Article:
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    Hi Dave, at the moment your watch is c1832/34, and why they chose to use that double number is not clear. A.D.Stewart does not even mention them. That then was the period when John Junior was running the company, and I think still running a good business. Not long after, he must have been, or Alexander Bain would not have asked him to help him sponsor his Patent. Then he decided to help Ingold, and that turned out to be the mistake that ruined him. The rest is all in A.D. Stewart´s article in the March 2013 copy of the AHS journal-good read. Though this file is produced to help those to do further research, there are still many questions about the firm, though one point will stand, BARWISE LONDON was a quality firm and worth collecting. Thanks too for the tip on the duel levers Dave.

    Allan
     

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  13. MartyR

    MartyR Moderator
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    I hope you paid at leat £5 for the watch, Davey :whistle: That is a super find ... and I love your caavalier approach to repairing the balance pivots and the dial and the minute hand ;)
     
  14. DaveyG

    DaveyG Registered User

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    Marty, you have aroused form your slumber :emoji_slight_smile::emoji_thumbsup:. I did mate - pay at least a fiver for it that is. I guess that I appear rather blasé about the faults on the watch because I knew that they were there before I bought it and they are not as bad as I had expected. If I break the pivot trying to straighten it, so I set to and make a new staff (after a lot of practice to remedy skill fade no doubt). The break on the minute hand is clean but that will take a better man then me Gunga Din :emoji_wink:. It is very fine work, not for the ham fisted. The dial, it is what it is, there ain't no fixing that I'm afraid. It can be made to look better though, with a little effort. I am a wee bit concerned about the hairspring which appears to sit nicely coiled but does not pass through the curb pins by quite a margin.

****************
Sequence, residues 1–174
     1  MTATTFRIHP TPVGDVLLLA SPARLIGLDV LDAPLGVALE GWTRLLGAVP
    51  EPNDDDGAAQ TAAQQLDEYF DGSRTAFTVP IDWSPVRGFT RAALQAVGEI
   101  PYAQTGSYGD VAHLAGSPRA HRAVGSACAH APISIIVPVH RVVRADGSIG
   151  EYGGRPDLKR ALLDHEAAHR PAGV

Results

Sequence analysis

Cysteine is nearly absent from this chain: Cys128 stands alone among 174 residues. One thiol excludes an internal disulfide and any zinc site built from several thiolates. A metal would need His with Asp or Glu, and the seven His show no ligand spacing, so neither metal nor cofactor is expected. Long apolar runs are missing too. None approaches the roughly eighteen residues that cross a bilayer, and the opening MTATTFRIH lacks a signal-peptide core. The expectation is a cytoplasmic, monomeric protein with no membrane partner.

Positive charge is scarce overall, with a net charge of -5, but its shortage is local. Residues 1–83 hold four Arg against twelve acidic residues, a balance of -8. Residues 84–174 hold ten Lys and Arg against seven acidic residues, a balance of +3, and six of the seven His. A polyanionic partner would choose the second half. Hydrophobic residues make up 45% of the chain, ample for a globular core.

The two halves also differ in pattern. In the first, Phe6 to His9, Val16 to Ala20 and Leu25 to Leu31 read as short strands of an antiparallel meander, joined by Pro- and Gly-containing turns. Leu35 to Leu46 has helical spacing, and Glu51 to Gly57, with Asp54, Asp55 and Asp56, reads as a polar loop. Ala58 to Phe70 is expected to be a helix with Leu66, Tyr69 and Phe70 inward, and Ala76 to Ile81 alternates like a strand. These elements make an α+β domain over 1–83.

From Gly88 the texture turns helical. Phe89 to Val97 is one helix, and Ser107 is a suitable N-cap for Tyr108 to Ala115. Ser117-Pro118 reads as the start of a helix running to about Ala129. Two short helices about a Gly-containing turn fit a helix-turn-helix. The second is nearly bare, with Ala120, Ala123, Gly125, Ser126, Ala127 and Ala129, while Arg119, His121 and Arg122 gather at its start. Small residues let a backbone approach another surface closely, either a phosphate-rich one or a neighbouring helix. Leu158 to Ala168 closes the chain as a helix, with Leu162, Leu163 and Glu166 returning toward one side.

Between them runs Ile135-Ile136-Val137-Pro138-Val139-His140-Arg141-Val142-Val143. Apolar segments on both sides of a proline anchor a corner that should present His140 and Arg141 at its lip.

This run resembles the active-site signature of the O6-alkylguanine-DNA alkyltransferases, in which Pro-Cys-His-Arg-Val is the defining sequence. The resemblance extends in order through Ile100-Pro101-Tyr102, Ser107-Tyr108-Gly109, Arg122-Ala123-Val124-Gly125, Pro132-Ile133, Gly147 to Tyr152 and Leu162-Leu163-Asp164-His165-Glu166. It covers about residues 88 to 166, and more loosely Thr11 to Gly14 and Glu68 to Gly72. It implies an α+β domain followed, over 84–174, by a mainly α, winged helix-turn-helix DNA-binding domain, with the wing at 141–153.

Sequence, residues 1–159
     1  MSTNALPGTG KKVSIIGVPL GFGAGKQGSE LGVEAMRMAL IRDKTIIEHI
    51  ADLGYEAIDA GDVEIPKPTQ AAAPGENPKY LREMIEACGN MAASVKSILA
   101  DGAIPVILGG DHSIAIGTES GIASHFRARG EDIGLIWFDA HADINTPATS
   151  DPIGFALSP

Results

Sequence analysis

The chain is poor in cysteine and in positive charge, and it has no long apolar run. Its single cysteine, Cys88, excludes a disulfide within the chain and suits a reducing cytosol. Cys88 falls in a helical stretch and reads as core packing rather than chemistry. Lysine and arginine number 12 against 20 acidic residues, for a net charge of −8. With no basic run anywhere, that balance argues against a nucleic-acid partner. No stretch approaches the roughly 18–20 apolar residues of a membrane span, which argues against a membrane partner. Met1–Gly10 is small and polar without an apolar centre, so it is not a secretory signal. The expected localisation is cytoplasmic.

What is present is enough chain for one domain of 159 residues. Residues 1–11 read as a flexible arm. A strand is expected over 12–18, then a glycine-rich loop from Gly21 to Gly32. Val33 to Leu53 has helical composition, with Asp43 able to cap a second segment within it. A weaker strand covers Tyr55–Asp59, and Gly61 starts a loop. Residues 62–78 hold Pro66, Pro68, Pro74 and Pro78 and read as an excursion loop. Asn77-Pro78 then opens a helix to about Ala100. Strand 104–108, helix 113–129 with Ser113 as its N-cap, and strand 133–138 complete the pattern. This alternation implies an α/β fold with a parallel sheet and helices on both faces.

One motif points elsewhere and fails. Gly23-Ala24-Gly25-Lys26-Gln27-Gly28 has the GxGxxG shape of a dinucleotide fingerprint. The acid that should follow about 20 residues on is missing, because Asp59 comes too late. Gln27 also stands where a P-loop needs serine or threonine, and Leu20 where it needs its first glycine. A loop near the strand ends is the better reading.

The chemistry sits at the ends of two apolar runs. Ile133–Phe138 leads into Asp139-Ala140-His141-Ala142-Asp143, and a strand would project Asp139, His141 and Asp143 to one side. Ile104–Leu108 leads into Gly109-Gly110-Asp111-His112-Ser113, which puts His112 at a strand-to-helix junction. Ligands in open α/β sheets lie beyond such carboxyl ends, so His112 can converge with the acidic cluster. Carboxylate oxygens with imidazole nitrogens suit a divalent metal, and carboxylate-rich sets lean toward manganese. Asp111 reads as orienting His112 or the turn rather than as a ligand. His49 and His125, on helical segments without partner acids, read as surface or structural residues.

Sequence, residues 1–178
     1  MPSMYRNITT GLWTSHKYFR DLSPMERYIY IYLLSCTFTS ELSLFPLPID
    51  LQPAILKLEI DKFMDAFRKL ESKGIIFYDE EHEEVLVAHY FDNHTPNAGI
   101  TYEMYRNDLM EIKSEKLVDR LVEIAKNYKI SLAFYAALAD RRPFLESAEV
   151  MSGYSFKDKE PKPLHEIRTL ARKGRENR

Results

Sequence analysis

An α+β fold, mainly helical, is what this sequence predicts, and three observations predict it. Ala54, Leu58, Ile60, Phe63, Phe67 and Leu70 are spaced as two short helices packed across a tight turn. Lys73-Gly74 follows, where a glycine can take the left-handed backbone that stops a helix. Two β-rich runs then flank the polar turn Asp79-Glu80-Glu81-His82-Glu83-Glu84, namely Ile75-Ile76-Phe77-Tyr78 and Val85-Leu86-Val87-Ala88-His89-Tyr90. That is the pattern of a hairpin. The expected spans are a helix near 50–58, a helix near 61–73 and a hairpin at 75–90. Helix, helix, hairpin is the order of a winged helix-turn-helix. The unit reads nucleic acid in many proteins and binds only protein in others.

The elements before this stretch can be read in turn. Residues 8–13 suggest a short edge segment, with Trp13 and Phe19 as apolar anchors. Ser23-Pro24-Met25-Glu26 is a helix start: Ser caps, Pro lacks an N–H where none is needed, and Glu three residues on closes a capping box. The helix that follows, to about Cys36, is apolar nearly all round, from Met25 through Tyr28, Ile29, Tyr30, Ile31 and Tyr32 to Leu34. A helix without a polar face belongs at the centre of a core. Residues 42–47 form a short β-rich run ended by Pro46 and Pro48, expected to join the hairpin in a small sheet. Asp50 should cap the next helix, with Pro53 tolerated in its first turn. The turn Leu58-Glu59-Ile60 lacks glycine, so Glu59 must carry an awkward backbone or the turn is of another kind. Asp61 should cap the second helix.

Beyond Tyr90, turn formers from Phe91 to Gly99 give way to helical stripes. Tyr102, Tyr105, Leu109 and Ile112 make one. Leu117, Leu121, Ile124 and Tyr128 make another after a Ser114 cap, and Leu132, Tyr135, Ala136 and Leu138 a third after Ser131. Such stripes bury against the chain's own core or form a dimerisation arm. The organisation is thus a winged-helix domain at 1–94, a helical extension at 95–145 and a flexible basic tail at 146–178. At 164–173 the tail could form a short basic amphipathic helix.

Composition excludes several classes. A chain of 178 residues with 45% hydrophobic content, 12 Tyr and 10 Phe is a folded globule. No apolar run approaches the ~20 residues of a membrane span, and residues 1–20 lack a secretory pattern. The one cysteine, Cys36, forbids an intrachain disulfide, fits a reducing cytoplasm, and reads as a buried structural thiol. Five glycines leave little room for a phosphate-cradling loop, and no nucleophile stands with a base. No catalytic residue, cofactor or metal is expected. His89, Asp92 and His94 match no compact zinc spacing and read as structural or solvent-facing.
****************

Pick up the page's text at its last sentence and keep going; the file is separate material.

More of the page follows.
Allan, it would be interesting to try and get a look at the article in the AH Journal (Autumn 1998) by David Thompson which, it would seem, collated Barwise serial numbers so may have more on the rationale for the double number system. I note that you haven't inserted 10/338 into your data base.

    For those who haven't already seen the article by A D Stewart and might go off hunting for it, it is 2014 rather than 2013.
     
  15. Allan C. Purcell

    Allan C. Purcell Registered User
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    I was going to put it on file Dave but forgot to ask what the escapement was. So it will be on the next File. (Savage two-pin)? I have Thompson´s article, and I wrote to him asking if he had more information, but never got a reply. Allan
     
  16. DaveyG

    DaveyG Registered User

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    It's a single roller English lever with passing crescent Allan.
     
  17. Allan C. Purcell

    Allan C. Purcell Registered User
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    Thank you, Dave, I thought it could be a Savage two Pin like my 10/241. See below. Case maker JD Joseph Derwin 1824-to c1834. in 1834 he was at 17, Red Lion Sreet, Clerkenwell, London. Letter "q" for 1831.

    ö-16.JPG ö-17.JPG ö-18.JPG ö-19.JPG



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  18. Allan C. Purcell

    Allan C. Purcell Registered User
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    This file was started by when Seth Kennedy put his Barwise 1472 on this board, not that he knew about it, it was just my belief that Barwise used consecutive serial numbers, and I started the search. I did not put 1472 on the list in the hope that I would find more close to 1472, this I was till now unable to achieve. Has it stands at the moment 1472 is the earliest or first Detent pocket chronometer by Barwise. I would be most interested if members could help or know of a chronometer by Barwise that has a smaller number. Allan
     

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  19. Allan C. Purcell

    Allan C. Purcell Registered User
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    Update-there was a mistake with the 4000´s now corrected.